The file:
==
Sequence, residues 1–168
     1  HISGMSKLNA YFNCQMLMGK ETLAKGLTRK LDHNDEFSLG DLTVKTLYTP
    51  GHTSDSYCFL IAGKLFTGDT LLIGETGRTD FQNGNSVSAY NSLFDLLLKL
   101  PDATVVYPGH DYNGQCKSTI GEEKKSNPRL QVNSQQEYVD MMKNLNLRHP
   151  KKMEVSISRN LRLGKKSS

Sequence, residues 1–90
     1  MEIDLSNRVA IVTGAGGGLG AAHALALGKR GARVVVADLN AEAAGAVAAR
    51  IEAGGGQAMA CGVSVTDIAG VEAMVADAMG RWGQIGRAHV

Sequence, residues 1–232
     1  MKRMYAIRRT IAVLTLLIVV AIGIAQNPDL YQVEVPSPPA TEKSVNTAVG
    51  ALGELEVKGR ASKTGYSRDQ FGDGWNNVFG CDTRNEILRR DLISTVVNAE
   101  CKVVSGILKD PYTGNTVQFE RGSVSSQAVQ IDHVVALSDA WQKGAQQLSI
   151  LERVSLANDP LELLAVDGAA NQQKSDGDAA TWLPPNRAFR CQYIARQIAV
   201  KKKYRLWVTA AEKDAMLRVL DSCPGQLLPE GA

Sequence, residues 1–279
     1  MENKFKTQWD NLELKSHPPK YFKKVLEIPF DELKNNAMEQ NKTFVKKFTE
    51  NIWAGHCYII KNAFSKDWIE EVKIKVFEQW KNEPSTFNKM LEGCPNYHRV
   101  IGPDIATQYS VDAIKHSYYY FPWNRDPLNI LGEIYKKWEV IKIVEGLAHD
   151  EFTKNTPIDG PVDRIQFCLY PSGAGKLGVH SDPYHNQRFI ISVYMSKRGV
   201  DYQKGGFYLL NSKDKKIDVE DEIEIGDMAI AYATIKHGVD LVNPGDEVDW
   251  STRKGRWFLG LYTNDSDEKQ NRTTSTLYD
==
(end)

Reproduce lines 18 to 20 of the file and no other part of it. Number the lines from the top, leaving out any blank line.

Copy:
   101  IGPDIATQYS VDAIKHSYYY FPWNRDPLNI LGEIYKKWEV IKIVEGLAHD
   151  EFTKNTPIDG PVDRIQFCLY PSGAGKLGVH SDPYHNQRFI ISVYMSKRGV
   201  DYQKGGFYLL NSKDKKIDVE DEIEIGDMAI AYATIKHGVD LVNPGDEVDW